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A stalwart contingent from Brown Memorial traveled to the Upper Sioux Indian Community in western Minnesota for the fourth Pejuhutazizi Family Learning Camp (PFLC), July 25-28. Five families from Brown and one family from Hunting Ridge Presbyterian attended. In all, 17 people traveled from Baltimore and partnered with the Pejuhutazizi Presbyterian Church to host the camp.
The PFLC was launched in 2013 to provide a chance for children from the Baltimore Presbytery and the Upper Sioux Community in Granite Falls, Minn., to get to know each other and keep their minds active during the summer months. But Brown Memorial has been working with Native American communities each summer even longer – since 2003.
At this year’s PFLC, a very large group of campers in pre-K, first grade and second grade participated, with many older kids and their parents who participated in past years stopping by to say hello.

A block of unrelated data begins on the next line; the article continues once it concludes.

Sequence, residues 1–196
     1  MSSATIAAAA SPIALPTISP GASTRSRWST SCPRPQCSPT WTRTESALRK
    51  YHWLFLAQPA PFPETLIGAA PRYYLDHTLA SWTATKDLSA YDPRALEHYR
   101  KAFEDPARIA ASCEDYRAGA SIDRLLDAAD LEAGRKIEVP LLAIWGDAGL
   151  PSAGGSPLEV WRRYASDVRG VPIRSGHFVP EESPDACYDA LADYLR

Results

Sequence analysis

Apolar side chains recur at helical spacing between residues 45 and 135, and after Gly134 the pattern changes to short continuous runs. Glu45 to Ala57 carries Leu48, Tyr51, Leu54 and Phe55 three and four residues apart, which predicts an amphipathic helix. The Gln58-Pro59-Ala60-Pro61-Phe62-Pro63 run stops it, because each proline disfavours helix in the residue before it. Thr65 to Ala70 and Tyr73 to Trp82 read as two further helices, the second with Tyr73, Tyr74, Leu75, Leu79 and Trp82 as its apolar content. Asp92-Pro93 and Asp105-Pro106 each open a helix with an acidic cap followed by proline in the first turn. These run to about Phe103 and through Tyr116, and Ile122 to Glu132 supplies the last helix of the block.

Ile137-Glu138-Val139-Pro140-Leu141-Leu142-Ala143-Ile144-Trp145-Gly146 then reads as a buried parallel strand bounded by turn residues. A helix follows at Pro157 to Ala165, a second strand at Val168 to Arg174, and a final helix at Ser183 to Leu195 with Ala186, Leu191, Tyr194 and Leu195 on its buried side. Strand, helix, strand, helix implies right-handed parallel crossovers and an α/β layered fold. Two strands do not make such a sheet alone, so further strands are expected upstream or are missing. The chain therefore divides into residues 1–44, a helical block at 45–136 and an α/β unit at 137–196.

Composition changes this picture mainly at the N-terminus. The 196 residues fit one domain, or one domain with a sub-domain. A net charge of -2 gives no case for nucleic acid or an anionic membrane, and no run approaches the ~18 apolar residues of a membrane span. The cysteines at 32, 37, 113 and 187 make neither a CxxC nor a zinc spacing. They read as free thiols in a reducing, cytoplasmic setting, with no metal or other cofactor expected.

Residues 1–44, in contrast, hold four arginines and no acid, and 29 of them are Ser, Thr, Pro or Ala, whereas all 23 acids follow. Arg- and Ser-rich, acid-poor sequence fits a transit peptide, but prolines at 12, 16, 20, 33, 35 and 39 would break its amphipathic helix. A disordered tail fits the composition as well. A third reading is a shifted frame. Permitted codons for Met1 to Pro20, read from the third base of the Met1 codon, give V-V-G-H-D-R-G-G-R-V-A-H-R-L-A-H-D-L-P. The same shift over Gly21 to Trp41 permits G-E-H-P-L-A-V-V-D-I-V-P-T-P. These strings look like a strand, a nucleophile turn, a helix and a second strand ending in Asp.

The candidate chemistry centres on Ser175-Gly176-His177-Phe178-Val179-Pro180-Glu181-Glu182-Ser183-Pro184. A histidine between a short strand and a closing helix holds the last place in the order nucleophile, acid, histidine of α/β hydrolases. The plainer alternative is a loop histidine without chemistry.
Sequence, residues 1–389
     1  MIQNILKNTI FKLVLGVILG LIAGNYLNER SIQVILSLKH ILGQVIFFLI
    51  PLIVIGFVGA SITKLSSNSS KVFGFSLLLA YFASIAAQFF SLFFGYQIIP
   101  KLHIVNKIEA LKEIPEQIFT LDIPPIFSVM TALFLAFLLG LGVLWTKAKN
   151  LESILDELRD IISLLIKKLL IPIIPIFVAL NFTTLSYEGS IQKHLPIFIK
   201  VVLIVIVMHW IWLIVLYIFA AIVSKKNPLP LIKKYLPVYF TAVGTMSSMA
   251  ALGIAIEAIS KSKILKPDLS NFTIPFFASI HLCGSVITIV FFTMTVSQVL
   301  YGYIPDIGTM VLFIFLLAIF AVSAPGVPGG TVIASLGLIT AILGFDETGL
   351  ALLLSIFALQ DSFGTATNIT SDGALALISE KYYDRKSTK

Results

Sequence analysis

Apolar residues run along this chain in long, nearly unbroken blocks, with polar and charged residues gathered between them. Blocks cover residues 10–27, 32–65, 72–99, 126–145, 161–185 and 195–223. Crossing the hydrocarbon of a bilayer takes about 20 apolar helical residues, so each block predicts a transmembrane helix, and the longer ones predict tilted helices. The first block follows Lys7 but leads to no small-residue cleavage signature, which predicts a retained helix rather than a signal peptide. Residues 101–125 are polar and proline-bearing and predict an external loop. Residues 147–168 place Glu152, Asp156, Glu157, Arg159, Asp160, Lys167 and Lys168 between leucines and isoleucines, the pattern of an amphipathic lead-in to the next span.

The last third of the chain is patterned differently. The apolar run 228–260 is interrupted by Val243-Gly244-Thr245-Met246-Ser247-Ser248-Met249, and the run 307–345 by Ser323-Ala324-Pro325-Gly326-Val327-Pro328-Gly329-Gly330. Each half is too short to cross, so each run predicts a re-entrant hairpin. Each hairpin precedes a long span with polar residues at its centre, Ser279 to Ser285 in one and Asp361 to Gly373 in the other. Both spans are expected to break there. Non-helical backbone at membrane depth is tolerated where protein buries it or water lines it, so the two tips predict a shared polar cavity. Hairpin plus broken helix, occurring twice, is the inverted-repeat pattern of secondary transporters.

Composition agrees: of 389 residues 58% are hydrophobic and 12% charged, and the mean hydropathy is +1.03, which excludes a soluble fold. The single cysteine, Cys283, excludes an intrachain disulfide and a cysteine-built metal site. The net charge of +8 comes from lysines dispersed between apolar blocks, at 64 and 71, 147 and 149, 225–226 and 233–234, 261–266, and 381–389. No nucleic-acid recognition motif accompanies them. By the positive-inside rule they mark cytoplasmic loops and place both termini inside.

In addition to organized outdoor games (a competitive adult versus kids kickball game has become an annual tradition), highlights of the daytime learning camp included canvas painting with a traditional tipi pattern, learning about kinesiology by making working models of the campers’ hands, using black plastic trash bags to make skeleton costumes, conducting computer mapping projects at a GIS (geographic information system) station that included predicting how the spread of the emerald ash borer will harm Minnesota’s ash trees, siting potential spots for wind turbines in the state, and spotting the campers’ homes using satellite imagery and GIS data.
“The kids at Upper Sioux are delightful and it’s been a pleasure and a blessing to get to know them, their parents and their community,” says Brown member Bill McConnell, who attended this year’s PFLC with wife Laura and son Liam.
Bill adds that it would be nice for “new blood” to attend next year’s camp.
Adults and high schoolers interested in joining the PFLC staff, or parents with kids interested in becoming campers alongside the Minnesota kids, are asked to contact Chrystie Adams, email@example.com, or anyone else who has participated in the trips.